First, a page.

Last week’s House vote against federal interference with state laws allowing medical use of marijuana was a big deal politically, reflecting growing Republican support for federalism in this area. But it’s not clear that the amendment, assuming it is included in the appropriations bill approved by the Senate and signed by the president, will accomplish what its backers hope. Here is the text of the amendment, which was introduced by Rep. Dana Rohrabacher (R-Calif.):
None of the funds made available in this Act to the Department of Justice may be used, with respect to the States of Alabama, Alaska, Arizona, California, Colorado, Connecticut, Delaware, District of Columbia, Florida, Hawaii, Illinois, Iowa, Kentucky, Maine, Maryland, Massachusetts, Michigan, Minnesota, Mississippi, Missouri, Montana, Nevada, New Hampshire, New Jersey, New Mexico, Oregon, Rhode Island, South Carolina, Tennessee, Utah, Vermont, Washington, and Wisconsin, to prevent such States from implementing their own State laws that authorize the use, distribution, possession, or cultivation of medical marijuana.
Prior to the vote on the amendment, Rep. Sam Farr (D-Calif.), chief co-sponsor, summed up its purpose this way:
This is essentially saying, look, if you are following state law, you are a legal resident doing your business under state law, the feds just can’t come in and bust you and bust the doctors and bust the patient. It is more than half the states. So you don’t have to have any opinion about the value of marijuana. This doesn’t change any laws. This doesn’t affect one law, just lists the states that have already legalized it only for medical purposes, only medical purposes, and says, “Federal government, in those states, in those places, you can’t bust people.”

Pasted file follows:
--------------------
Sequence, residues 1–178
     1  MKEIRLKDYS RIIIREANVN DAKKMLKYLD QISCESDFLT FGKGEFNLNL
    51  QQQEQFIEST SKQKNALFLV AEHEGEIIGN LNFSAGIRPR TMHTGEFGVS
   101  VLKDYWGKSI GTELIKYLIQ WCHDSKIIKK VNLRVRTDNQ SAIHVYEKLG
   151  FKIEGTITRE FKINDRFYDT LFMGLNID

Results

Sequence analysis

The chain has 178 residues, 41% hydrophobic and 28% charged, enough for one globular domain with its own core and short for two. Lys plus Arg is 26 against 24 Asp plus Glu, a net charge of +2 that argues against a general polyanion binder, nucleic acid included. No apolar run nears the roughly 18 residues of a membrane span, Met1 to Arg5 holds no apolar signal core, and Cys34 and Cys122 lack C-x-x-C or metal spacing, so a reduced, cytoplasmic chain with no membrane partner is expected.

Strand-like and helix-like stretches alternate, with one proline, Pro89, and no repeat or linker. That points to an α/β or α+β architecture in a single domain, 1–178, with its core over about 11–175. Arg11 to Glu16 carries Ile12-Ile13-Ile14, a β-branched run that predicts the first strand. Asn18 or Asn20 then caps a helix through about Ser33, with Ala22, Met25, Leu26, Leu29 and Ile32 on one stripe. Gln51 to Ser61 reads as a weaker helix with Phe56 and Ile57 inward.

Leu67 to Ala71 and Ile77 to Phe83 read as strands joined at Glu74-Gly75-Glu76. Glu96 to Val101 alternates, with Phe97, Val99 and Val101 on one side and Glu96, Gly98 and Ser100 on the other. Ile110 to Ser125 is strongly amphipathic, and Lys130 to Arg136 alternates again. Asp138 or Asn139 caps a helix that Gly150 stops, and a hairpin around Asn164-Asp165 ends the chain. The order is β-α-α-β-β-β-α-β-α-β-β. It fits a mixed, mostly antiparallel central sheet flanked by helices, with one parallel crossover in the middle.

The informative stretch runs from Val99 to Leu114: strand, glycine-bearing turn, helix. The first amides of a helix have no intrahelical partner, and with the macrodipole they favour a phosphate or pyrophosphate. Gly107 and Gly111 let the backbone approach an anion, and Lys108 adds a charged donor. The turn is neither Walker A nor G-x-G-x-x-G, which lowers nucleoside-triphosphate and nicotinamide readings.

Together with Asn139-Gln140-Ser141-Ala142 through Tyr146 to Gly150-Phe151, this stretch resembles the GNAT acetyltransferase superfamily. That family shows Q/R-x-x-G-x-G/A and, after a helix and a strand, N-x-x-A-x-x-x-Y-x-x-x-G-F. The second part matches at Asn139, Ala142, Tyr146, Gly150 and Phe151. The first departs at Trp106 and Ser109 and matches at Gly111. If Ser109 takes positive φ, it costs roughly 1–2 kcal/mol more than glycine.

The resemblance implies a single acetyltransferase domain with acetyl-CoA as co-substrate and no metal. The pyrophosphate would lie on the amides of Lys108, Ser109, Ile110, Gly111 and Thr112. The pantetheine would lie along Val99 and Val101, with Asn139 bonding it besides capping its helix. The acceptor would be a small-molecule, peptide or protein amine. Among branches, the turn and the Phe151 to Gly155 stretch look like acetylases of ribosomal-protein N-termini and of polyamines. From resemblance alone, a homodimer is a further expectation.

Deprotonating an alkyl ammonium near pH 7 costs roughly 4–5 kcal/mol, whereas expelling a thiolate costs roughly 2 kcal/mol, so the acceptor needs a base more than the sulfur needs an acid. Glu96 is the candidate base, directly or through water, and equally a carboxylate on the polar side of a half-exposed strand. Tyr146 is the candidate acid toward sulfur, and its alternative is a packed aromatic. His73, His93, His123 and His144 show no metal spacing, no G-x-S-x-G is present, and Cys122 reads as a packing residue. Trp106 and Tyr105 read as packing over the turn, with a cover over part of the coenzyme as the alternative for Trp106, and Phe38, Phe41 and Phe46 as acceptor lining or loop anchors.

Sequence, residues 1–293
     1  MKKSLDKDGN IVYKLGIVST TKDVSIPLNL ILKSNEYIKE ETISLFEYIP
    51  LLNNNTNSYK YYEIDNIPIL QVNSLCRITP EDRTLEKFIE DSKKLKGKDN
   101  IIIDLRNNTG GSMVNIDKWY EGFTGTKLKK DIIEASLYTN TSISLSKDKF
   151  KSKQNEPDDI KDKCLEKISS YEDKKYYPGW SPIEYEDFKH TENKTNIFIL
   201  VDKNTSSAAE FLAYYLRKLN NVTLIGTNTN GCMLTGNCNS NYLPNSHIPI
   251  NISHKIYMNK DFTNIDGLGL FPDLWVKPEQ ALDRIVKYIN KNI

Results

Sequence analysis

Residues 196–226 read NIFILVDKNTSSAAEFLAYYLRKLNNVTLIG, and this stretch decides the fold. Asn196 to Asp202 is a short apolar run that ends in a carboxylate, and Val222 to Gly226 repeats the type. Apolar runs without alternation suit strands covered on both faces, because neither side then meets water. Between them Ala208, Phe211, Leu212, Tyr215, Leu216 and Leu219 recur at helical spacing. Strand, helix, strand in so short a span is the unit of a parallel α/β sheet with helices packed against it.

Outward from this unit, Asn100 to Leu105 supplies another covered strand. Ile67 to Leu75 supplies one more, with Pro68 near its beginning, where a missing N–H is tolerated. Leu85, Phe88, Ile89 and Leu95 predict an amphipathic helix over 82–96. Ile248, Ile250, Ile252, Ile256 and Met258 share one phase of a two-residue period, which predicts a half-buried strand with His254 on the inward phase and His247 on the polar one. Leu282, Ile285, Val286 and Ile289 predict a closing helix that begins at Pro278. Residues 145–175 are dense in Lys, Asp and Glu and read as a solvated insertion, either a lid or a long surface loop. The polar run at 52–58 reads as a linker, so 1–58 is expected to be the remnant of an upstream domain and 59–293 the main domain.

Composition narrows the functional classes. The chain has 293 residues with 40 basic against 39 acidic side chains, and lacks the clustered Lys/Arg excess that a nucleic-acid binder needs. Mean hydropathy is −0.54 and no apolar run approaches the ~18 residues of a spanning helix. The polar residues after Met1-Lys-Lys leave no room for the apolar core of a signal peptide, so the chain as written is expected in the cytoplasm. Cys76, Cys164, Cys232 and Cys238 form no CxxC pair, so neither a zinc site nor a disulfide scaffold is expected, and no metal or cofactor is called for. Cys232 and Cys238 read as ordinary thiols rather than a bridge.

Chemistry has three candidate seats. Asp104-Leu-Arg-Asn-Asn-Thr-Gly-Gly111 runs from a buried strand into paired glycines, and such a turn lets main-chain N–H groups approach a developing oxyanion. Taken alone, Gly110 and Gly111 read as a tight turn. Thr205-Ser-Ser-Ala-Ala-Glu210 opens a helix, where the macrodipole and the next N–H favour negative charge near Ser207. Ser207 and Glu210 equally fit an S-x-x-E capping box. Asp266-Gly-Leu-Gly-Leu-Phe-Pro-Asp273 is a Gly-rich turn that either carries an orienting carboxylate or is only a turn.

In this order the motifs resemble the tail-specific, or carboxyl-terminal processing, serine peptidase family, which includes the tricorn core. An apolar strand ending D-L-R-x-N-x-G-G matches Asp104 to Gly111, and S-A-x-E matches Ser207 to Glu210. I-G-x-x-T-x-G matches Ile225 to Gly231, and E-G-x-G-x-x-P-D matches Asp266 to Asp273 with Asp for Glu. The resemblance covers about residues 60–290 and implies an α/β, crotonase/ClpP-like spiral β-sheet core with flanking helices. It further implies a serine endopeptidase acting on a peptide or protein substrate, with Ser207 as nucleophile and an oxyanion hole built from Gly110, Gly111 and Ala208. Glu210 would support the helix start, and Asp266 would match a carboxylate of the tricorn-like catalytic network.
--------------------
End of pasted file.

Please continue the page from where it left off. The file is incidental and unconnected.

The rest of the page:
Yet if the Drug Enforcement Administration (DEA) arrests a patient in Colorado for growing marijuana and the U.S. attorney prosecutes him, that does not, strictly speaking, “prevent” that state from “implementing” its law decriminalizing cultivation of cannabis for medical use. The DEA and the U.S. attorney are enforcing the federal ban on marijuana; they are not compelling Colorado to punish behavior its voters have decided to no longer treat as a crime. Arguably the same could be said for raids on state-licensed dispensaries, although enough of those would shut down commercial distribution of marijuana to patients, effectively preventing the state from implementing its law aimed at giving patients an alternative to home cultivation.
There is even more room for interpretation in states, such as California and Washington, where the legal status of businesses distributing medical marijuana is unclear. In those cases federal officials maintain that dispensaries are not authorized by state law, while state and local officials disagree among themselves about what the law allows. Which reading of the law does the Rohrabacher-Farr amendment require the feds to follow?
During a telebriefing on Friday, Farr seemed to acknowledge that it leaves some wiggle room for the Justice Department. “This isn’t a finely written policy yet,” Farr said. “This is a statement of congressional intent that [the] DEA [should] back off on these issues. We will have to continue to reconcile federal policy with state policy.” Still, he said, “this had strong, bipartisan support,” and “the language, I think, is very simple and very clear, and that makes it a lot easier to implement. We’ll always have oversight as to implementation.” Bill Piper of the Drug Policy Alliance added that “legislative intent matters,” and “I think intent was very clear from the excellent floor speeches.”